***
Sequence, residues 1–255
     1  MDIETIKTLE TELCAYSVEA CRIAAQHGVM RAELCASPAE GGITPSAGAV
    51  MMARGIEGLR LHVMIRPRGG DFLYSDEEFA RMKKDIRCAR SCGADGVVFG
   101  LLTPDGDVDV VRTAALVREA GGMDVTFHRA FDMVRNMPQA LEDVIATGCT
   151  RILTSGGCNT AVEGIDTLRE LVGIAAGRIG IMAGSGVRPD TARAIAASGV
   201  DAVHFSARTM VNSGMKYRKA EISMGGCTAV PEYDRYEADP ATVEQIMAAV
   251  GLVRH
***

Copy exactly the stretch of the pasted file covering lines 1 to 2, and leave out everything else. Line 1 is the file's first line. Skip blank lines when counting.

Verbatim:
Sequence, residues 1–255
     1  MDIETIKTLE TELCAYSVEA CRIAAQHGVM RAELCASPAE GGITPSAGAV